All this happened amid urbanization and industrialization that some theorists held should have produced social disintegration, not social improvement. But a much stronger force swept all before it: Victorian culture in general, and Victorian morality in particular, with its emphasis on virtue, respectability, work, self-help, sobriety, cleanliness, and family. The great Victorian achievement, as Himmelfarb saw it, was a “moral reformation” that allowed Britain “to attain a degree of civility and humaneness that was the envy of the rest of the world.”

It was a deeply self-conscious reformation, sparked by such value-laden institutions as Sunday schools and the temperance movement, by the “cult of respectability” and allegiance to duty even when belief in God and immortality began to falter, by the factory acts and great sanitation projects by which the propertied classes set out to improve the lives of the poor. It was a profoundly democratic reformation, too, Himmelfarb explains. “In attributing to everyone the same virtues—potentially at least, if not in actuality—[the Victorians] assumed a common human nature and thus a moral (although not a political or an economic) equality.” Just look at how the idea of a gentleman changed over the nineteenth century from a class term to a mainly moral term, so that such virtues as “integrity, honesty, generosity, courage, graciousness, politeness, [or] consideration for others” could distinguish a middle-class Victorian—even sometimes a laborer—as a gentleman.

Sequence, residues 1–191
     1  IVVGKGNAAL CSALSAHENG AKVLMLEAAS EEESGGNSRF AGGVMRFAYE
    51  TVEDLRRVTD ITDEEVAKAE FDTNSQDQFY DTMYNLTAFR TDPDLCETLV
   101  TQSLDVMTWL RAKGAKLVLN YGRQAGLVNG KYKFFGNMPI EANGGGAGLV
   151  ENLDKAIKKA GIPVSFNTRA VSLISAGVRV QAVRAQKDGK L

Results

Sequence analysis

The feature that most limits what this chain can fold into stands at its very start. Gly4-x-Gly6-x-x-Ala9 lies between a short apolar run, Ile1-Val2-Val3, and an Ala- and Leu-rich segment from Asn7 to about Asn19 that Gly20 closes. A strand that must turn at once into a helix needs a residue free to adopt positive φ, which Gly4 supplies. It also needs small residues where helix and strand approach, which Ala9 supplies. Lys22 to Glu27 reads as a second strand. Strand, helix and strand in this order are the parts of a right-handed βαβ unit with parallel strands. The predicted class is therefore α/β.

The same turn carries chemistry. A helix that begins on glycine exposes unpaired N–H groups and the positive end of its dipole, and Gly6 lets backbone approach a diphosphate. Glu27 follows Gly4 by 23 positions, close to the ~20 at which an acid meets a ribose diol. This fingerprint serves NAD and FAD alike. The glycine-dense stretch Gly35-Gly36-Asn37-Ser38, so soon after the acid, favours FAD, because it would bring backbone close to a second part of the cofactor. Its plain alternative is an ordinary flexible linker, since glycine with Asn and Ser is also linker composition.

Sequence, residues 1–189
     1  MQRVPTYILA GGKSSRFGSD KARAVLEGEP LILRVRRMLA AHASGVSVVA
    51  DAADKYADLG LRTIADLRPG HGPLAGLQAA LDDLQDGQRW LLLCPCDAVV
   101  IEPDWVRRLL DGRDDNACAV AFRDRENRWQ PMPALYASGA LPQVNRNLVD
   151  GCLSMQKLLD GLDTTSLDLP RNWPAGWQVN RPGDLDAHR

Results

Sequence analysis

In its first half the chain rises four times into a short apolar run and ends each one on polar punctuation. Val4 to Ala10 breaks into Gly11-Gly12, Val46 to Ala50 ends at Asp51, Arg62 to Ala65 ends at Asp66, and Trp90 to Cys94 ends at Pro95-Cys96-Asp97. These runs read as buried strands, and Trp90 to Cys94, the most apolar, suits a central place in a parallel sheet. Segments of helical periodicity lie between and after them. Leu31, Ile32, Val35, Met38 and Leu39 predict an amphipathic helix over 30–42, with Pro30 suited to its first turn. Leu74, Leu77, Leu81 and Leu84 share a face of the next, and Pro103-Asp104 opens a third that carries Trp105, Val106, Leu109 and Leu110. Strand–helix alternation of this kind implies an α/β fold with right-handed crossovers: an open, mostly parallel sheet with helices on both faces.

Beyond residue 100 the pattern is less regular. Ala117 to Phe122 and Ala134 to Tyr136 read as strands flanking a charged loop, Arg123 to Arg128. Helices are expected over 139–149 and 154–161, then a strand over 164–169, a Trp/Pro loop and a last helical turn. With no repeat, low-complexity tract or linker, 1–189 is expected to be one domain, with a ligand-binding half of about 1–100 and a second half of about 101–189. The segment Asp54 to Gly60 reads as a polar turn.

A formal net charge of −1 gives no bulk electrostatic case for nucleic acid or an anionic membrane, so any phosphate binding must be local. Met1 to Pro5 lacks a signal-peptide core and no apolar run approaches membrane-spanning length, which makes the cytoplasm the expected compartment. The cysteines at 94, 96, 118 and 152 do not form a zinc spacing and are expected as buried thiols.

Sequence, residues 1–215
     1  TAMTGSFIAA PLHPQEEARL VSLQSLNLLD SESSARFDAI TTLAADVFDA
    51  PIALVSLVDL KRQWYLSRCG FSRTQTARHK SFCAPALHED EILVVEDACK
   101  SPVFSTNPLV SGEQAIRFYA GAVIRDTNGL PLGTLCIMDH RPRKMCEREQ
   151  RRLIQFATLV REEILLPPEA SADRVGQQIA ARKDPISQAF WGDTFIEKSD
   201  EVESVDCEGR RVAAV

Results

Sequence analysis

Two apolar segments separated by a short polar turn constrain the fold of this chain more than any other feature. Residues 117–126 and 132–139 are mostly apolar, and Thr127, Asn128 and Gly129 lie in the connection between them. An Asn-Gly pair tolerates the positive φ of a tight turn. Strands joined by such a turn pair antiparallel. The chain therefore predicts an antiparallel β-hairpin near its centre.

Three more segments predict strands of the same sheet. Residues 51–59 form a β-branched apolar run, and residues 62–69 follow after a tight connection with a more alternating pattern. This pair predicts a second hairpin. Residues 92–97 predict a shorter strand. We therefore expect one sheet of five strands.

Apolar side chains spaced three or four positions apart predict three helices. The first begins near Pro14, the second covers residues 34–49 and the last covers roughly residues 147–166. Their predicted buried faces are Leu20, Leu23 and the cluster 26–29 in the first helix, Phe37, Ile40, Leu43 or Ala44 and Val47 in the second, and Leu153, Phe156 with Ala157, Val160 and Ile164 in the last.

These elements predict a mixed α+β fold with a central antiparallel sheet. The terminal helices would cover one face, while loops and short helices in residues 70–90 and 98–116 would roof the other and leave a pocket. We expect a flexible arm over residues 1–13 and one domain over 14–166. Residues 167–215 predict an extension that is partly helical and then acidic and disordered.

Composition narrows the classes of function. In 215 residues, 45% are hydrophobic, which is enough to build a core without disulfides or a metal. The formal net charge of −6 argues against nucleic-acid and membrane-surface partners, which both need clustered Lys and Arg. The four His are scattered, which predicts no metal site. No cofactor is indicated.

Key to the reformation was the family. To the Victorians, the family home was “a sacred place”; family and home together, says Himmelfarb, “constituted something like a civic religion.” The foundation of the social order, families were universally recognized as the great schools of citizenship and civilization. If Victorian families didn’t grant women the freedom we moderns demand, married women’s lives were much more fulfilled than jeering critics, from Lytton Strachey onward, have contended. Even as Victorian family values embodied the comfortable middle-class ethic, they were democratized to include working-class families as well: far from feeling victims of class and patriarchal oppression, working-class wives overwhelmingly reported themselves satisfied and fulfilled by their lot.

The reformation succeeded so well also because it extended below the working class, to the poorest of the poor. Victorian welfare policy, embodied in the 1834 Poor Law, rested on a single moral proposition: that the conditions of life on relief for the able-bodied poor should be “less eligible”—less attractive—than those of the meanest wage earner’s life The goal: to make welfare less appealing than work and to honor effort by making sure that its rewards always surpassed the wages of idleness.

The result was the system of workhouses Dickens excoriated in Oliver Twist: welfare came at the cost of giving up your liberty and bearing a stigma. However harsh, the system worked: welfare expenditure, £8 million in 1817, remained at that figure in 1871—though the population had doubled. As Himmelfarb judges: “[S]tigmas are the corollaries of values. If work, independence, responsibility, respectability are valued, then their converse must be devalued, seen as disreputable.“ Accordingly, hand-in-hand with harshness toward the “undeserving” poor went benevolent philanthropy toward the “deserving” poor, ranging from organized efforts to educate them and improve their working and living conditions to individual acts of charity to help them through hard times.